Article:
Thapelo Lekabe

By Thapelo Lekabe

Senior Digital Journalist

Covid-19 vaccination drive could face a few challenges, Mkhize tells Parliament

The minister has warned that the vaccination process will have a few challenges in the beginning, as experienced by developed nations.

Health Minister Dr Zweli Mkhize says the Department of Health expects the first phase of the country’s vaccination roll-out to take about three months to complete.

This follows the arrival of the first consignment of one million doses of the Oxford-AstraZeneca vaccine on Monday from the Serum Institute of India (SII). The vaccines will be administered to the country’s 1.2 million healthcare workers.

Another 500,000 shots are also expected this month.

“The first phase should take us about three months, the second phase six months, and the last phase should take three or more months depending on what the situation and supply will be at that point,” Mkhize said.

He was speaking during a briefing to Parliament’s portfolio committee on health on the roll-out strategy for Covid-19 vaccines.

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The minister said in the second phase of the vaccination programme, essential workers like police, teachers and those will comorbidities would be inoculated.

“However, if we find that we are able to secure adequate vaccines before the end of three months, we will start the second phase nevertheless and open up our logistical processes to move on,” he said.

Mkhize told MPs that government had approached a number of vaccines manufacturers to procure the shots, but they were waiting for final agreements to be signed.

“But nevertheless on our terms of agreement regionally we have got nine [vaccines] that is secured from Johnson & Johnson, and another 20 million that is secured from Pfizer and there is also another 12 million that we should expect from the Covax Facility,” Mkhize said.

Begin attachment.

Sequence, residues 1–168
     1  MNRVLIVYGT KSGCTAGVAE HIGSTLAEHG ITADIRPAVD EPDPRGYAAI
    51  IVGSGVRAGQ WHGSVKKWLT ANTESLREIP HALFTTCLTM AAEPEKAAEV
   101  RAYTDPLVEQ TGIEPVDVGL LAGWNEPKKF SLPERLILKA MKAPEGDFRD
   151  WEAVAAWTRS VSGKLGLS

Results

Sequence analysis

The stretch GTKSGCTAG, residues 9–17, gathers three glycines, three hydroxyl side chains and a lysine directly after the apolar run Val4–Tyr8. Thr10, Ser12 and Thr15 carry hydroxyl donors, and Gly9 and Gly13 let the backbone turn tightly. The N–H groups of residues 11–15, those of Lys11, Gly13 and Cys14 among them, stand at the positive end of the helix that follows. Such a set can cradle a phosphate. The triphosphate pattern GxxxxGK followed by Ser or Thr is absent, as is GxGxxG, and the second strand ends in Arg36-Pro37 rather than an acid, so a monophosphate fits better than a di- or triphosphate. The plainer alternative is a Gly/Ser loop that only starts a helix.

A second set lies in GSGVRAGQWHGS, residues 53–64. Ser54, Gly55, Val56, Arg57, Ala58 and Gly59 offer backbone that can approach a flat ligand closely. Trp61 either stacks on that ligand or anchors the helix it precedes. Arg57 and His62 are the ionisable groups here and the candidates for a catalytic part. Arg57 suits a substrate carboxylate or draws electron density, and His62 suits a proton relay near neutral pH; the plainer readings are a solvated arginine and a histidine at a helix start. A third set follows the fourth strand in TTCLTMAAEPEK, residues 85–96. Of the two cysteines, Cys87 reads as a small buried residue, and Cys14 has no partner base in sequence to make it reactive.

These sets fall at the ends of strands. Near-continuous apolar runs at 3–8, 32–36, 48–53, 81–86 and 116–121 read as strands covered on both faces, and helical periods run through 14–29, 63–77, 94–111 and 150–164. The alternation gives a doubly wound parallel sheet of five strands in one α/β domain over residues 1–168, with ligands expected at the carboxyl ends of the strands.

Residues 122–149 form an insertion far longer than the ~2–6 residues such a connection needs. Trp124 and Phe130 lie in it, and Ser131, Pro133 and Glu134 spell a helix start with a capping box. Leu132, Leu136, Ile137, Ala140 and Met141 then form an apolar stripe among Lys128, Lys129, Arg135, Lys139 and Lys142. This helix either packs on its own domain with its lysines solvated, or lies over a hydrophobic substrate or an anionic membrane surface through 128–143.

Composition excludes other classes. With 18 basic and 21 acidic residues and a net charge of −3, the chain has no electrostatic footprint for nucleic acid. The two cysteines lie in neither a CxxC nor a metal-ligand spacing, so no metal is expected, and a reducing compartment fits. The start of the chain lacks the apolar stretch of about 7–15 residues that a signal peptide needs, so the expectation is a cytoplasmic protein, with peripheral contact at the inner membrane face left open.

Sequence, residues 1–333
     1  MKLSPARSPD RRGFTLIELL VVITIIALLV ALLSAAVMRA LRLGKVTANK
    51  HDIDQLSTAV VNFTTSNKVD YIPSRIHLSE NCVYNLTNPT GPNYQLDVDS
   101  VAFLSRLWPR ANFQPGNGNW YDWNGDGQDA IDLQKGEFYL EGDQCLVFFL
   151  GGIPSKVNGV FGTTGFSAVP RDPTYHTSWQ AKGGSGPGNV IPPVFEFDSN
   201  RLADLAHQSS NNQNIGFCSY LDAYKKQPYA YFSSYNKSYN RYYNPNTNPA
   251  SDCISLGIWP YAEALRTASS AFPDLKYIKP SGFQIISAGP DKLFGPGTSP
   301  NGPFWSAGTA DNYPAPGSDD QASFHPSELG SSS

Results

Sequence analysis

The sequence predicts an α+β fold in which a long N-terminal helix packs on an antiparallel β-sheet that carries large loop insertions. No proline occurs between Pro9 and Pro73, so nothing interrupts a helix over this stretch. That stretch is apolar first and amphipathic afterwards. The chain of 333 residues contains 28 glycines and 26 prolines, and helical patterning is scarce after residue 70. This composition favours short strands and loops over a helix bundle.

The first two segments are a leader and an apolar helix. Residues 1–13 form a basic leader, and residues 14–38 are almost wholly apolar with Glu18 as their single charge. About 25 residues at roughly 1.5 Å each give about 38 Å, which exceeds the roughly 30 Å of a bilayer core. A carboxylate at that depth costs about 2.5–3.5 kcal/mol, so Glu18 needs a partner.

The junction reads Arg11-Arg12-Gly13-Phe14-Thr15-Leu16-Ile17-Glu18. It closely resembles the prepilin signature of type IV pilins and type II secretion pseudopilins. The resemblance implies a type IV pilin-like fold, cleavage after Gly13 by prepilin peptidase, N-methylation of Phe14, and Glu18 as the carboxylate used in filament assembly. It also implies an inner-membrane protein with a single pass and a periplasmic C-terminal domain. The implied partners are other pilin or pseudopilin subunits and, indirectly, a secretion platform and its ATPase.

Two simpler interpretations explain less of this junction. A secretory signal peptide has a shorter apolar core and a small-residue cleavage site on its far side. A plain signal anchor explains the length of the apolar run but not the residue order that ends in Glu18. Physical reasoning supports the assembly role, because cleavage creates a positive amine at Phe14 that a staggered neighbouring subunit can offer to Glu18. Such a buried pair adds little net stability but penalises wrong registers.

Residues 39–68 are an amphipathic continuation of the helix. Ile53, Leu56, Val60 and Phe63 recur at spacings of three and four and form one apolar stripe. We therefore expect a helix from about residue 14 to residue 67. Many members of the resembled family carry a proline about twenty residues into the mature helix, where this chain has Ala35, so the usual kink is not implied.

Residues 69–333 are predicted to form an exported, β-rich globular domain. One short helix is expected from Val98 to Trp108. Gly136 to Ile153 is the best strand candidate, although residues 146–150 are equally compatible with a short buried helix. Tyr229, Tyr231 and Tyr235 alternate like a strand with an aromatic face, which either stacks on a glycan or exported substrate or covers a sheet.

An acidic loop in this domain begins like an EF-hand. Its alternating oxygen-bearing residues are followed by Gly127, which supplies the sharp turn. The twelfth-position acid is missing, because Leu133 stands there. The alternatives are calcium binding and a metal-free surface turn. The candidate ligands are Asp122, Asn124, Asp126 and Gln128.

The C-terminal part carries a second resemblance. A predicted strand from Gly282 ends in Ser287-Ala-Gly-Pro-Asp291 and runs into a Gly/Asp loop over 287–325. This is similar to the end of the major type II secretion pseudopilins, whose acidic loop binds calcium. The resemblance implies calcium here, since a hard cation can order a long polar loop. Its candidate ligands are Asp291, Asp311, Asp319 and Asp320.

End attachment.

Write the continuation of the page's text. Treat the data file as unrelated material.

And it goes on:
The vaccines already procured will ensure that at least 26 million citizens will be able to get vaccinated, the minister said. He also said they would make announcements, in due time, on where they would procure other vaccines.

The minister warned that the vaccination process would have a few challenges in the beginning as experienced by developed nations.

“We must say that it’s not going to be a smooth process,” he said. “We expect that there will be mistakes, stop-start issues, there will be issues of new lessons on the challenges and obstacles. All of that will be taken into consideration as we move on.”

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He said government also held engagements with several stakeholders like religious leaders and civil society to explain to them the role they want them to play in the vaccination roll-out.

“All the provinces have produced their plans and they are ready to start vaccinations. In the course of all of that, we have a number of health workers trained and we’ve also engaged a number of stakeholders,” Mkhize said.

On the storage of the jabs, Mkhize said the vaccines that arrived from the SII were being stored at bio-pharmaceutical company, Biovac, and government had identified centres in the country where other vaccines would be stored for preservation.

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